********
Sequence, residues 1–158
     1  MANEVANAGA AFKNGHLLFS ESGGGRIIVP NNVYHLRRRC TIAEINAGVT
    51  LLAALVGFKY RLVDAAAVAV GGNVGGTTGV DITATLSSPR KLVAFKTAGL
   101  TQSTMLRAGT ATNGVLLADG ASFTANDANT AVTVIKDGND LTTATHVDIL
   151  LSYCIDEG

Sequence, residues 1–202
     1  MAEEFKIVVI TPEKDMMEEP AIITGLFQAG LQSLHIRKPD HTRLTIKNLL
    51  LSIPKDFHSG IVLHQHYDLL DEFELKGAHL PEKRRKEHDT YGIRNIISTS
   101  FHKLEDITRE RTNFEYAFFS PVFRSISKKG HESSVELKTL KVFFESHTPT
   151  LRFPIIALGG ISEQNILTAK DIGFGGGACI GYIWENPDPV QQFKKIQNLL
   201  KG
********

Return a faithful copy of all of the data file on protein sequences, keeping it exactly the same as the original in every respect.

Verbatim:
Sequence, residues 1–158
     1  MANEVANAGA AFKNGHLLFS ESGGGRIIVP NNVYHLRRRC TIAEINAGVT
    51  LLAALVGFKY RLVDAAAVAV GGNVGGTTGV DITATLSSPR KLVAFKTAGL
   101  TQSTMLRAGT ATNGVLLADG ASFTANDANT AVTVIKDGND LTTATHVDIL
   151  LSYCIDEG

Sequence, residues 1–202
     1  MAEEFKIVVI TPEKDMMEEP AIITGLFQAG LQSLHIRKPD HTRLTIKNLL
    51  LSIPKDFHSG IVLHQHYDLL DEFELKGAHL PEKRRKEHDT YGIRNIISTS
   101  FHKLEDITRE RTNFEYAFFS PVFRSISKKG HESSVELKTL KVFFESHTPT
   151  LRFPIIALGG ISEQNILTAK DIGFGGGACI GYIWENPDPV QQFKKIQNLL
   201  KG